Atlanta-area megachurch pastor Eddie Long has had his share of headlines, many of them not good. Now he's making news — and raising eyebrows — again with a "kingship" ceremony that can only be described as bizarre.
Jewish groups say the ceremony -- in which Long was shrouded by a Torah scroll (allegedly saved from Auschwitz) and then paraded around on a chair — was the height of disrespect. And it's not just Jews who were offended.
A hegemonic power that separates and excludes is not of Jesus. I came away from the deep darkness settling on the land of the Holy One to declare along with my fellow Kairos delegates that, to paraphrase Bishop Marianne, “the fate of the free world depends on a civil society committed to Christ and a persistent, all-encompassing faithful non-violent tenacity pursuing creative and compassionate resistance.“
We must respond to those faithful ones behind both sides of the walls who are saying to us, “Come and See and Be with the people.” We must feel what Jesus felt as he witnessed tyranny and empire – the principalities and powers that oppress and dispossess and kill the poor for whom He had a heart. Please listen to the cries of the oppressed and act today in doing at least one small thing to bring a just peace…make a personal and if possible corporate choice in this critical moment of God’s Kairos.
If all who hear the “Bethlehem Call” respond then momentum will build for the liberation of all God’s children in the Holy Land.
Jesus Toast! A vicar beatboxes the Nativity Story. Butter shortages wreak havoc on Norway. Ten out of Tenn gives away its new Christmas album. Knit some dim sum for your cat. Iconoclastic Hasidic-reggae master Matisyahu shaves his beard, and more!
Young, Hip Jews Leading a Makeover; EPA Finds Fracking Contaminated Drinking Water in Wyoming; Dick Durbin May Block Religious Freedom Commission’s Renewal Until Feds Buy His Favorite Prison; Against “Taking Things Back:” Rethinking the OWS Slogan; Rick Perry Anti-Gay Ad Puts Spotlight on GOP Consulting Class; Black, atheist and living in the South Benjamin; The New Evangelicals; Why Rick Perry’s New Ads Are Wrong On Religion–And Obama; Latinos Don't Vote On Faith Or Religion But On Economic Issues; Faith And Family Values At Issue In Republican Contest; Children Of Immigrants Ask For Halt To Deportation That Splits Families; Sesame Street Muppet Pitches Government Dependence: Free Food At School; Economic Experts Gather In DC To Explain Why Politics Has Doomed Us.
‘Morning Joe’ Crew Mocks Perry’s War On Christmas Ad; Odd Couples: Gingrich Casts Wide Net To Evangelicals, Tea Party And K Street Lobbyists; The Real War On Christmas; GOP Presidential Hopefuls Make Bid For Jewish Vote; Republicans: Save Social Security!; Protesters Arrested In DC After K Street Shutdown; Obama To Congress: Don’t Mix Oil Pipeline, Payroll Tax Cut; Income Gap Stays Wide In District, Narrows In Suburbs.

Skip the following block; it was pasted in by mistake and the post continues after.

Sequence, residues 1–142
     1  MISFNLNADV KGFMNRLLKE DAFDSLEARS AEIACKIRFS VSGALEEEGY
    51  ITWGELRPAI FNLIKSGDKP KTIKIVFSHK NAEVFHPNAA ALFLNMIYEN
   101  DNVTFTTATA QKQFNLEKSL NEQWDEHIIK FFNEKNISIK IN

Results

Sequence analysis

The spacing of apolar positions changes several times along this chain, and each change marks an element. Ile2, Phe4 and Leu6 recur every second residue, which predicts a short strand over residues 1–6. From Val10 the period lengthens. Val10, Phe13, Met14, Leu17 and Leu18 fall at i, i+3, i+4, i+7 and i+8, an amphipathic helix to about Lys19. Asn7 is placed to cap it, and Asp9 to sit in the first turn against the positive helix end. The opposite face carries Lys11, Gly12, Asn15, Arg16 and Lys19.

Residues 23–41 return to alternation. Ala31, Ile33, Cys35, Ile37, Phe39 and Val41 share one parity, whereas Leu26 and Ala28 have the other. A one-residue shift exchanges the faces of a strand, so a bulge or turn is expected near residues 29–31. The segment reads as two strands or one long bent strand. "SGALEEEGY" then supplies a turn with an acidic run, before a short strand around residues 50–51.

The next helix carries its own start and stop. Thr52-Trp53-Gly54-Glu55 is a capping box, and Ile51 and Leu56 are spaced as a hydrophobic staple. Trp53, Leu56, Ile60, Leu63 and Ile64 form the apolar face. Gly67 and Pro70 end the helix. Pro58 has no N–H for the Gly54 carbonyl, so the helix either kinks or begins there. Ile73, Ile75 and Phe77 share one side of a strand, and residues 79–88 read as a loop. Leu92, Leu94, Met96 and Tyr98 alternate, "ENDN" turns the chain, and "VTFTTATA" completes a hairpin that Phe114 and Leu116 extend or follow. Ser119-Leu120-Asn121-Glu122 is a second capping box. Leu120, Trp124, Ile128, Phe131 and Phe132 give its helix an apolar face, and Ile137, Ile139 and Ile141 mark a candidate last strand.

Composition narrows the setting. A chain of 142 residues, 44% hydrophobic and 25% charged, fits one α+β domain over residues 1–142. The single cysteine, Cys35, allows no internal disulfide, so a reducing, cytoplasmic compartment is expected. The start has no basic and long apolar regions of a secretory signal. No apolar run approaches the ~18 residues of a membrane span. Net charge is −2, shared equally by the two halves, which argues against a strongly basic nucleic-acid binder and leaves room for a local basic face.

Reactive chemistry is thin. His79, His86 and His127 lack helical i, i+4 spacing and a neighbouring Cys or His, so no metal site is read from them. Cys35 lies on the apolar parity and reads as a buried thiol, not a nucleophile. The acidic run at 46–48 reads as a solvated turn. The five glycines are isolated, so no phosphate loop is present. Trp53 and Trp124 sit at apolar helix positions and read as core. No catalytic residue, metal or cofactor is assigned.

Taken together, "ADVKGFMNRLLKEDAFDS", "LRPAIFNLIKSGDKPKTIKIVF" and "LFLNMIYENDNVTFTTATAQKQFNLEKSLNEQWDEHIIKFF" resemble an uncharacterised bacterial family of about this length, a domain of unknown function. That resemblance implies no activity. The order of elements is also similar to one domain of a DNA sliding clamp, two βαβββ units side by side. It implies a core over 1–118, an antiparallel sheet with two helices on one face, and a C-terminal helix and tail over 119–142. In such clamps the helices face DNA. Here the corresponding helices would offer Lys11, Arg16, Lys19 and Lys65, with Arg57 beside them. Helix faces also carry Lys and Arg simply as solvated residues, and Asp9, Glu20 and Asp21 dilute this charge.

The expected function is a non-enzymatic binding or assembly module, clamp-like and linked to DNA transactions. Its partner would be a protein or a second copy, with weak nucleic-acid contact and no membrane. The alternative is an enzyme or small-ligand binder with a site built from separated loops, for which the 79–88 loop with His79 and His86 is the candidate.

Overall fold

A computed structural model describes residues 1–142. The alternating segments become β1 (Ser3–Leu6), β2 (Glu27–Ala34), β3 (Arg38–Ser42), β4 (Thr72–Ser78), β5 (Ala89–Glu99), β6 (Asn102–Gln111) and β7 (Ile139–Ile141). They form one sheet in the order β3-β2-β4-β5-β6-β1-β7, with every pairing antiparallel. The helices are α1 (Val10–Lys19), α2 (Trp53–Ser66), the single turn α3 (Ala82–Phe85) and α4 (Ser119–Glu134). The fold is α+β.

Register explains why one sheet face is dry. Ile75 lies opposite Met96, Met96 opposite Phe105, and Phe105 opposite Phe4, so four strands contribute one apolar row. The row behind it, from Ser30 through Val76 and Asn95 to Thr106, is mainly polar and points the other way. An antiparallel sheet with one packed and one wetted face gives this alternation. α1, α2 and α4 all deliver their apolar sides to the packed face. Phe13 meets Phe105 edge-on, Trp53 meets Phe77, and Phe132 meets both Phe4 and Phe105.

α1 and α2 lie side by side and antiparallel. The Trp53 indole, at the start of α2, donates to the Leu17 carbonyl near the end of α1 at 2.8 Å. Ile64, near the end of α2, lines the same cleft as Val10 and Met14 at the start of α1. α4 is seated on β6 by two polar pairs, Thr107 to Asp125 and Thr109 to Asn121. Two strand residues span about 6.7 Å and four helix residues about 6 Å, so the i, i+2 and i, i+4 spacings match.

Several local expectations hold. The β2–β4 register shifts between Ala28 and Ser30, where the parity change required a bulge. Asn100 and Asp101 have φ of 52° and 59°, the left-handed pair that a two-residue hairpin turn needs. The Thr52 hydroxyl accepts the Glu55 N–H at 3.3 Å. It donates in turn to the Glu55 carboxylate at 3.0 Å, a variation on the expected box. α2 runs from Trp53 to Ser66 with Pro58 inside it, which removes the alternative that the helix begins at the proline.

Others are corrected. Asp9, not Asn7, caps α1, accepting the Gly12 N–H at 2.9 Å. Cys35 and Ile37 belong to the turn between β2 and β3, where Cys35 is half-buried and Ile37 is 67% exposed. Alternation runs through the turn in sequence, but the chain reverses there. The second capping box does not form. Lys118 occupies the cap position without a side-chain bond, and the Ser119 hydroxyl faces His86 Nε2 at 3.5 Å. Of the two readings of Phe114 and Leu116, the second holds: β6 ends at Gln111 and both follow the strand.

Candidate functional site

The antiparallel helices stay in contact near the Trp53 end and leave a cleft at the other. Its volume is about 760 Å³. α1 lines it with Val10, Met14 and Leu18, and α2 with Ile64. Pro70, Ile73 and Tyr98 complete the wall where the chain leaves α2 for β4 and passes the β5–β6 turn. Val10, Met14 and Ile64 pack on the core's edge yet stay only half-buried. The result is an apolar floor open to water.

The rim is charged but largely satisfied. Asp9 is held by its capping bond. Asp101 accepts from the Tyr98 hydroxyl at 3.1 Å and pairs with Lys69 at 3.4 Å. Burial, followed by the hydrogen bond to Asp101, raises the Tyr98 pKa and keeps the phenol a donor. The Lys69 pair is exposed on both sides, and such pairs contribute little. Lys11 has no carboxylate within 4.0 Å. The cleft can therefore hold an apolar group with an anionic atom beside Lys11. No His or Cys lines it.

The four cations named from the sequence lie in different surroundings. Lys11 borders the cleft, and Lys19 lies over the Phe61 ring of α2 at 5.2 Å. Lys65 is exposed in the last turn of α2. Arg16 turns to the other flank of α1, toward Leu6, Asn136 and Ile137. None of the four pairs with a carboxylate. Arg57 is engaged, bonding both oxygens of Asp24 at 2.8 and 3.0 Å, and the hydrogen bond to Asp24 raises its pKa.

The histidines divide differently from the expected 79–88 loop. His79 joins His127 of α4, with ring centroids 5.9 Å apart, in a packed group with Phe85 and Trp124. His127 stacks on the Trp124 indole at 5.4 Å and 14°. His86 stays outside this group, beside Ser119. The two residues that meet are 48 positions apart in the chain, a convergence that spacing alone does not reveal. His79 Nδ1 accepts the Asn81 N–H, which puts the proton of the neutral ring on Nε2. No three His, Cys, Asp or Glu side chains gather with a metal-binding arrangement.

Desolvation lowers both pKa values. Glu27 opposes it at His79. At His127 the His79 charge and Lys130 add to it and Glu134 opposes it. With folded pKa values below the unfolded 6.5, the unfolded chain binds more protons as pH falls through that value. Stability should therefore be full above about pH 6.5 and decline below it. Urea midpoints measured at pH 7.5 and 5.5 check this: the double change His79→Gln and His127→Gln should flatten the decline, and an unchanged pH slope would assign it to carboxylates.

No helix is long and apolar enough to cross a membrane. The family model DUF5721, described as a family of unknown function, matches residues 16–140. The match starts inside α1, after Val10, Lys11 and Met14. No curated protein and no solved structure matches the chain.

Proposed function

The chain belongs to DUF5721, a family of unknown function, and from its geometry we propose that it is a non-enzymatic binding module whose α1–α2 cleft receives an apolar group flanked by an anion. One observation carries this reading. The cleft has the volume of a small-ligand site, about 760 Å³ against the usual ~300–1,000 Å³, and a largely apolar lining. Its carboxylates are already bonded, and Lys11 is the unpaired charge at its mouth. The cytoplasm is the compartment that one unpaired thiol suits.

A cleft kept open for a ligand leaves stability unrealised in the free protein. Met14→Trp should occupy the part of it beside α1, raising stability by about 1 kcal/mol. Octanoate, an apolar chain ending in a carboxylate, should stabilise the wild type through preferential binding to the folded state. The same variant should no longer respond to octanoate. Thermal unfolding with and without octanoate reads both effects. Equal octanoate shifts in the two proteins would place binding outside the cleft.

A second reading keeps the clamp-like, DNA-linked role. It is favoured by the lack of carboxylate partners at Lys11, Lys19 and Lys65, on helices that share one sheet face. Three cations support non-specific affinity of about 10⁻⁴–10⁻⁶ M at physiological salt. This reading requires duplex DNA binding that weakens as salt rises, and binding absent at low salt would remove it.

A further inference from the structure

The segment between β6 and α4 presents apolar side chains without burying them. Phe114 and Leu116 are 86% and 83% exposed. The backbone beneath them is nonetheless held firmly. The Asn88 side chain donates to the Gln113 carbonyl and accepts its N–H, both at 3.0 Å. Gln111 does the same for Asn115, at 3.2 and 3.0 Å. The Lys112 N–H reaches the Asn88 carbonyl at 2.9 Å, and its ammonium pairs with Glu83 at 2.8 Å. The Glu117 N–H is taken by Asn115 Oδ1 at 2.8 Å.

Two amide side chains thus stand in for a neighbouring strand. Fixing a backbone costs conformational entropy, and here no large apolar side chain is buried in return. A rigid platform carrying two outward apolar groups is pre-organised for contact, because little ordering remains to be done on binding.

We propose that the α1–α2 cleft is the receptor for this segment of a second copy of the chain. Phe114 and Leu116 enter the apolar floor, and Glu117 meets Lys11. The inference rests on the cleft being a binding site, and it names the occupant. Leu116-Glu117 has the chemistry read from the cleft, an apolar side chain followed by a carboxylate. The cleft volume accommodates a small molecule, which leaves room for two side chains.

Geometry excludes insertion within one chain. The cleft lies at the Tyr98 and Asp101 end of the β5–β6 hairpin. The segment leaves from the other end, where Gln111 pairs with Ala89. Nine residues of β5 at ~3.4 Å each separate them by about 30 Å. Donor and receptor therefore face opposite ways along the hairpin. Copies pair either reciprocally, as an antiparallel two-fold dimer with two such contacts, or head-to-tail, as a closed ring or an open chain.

We should all be marching in the streets.
We are the 100 percent.
We are poor. We are well-to-do. We are those somewhere in the middle. We are aware of the struggles and unfairness of this world and for this reason we are sensitive to one another's needs. So, we love our neighbors as ourselves.
Did Jesus ever withhold love or healing for fear that he would give up too much of himself?
Did Jesus ever worry that the nature of God would change if he ate at certain tables, or touched certain kinds of people?
Of course not.
The Bible tells us that Jesus continually stepped out of the normative comfort zones of his day to extend his message of radical reconciliation.
I realized that my hesitation to embrace all people interested in an interfaith vision was mostly about my own fear, my own lack of faith. There was nothing Christ-like about it.
Interfaith Worker Justice has published a Prayer Service designed to help people reflect on a moral economy within the context of their religious tradition. Written for clergy and religious leaders, the prayer service is aimed for those Occupying Wall Street and other cities, and for congregational use.
USA Today's religion reporter Cathy Lynn Grossman has a great post this morning looking at coverage of the spiritual import of the #OccupyWallStreet protests from the perspective of several religious commentators, including Catholic writer/professor Tom Beaudoin and Jewish writer/actor Jake Goodman.
Jonathan, 19, who works at a fast food restaurant, said: "There isn't really room for religion here. We are trying to focus on the big problems we face that we all have in common. Religion gets people focused on too many specifics and divides."
His friend Chris chimed in, "How could anything that caused so many wars be any good?"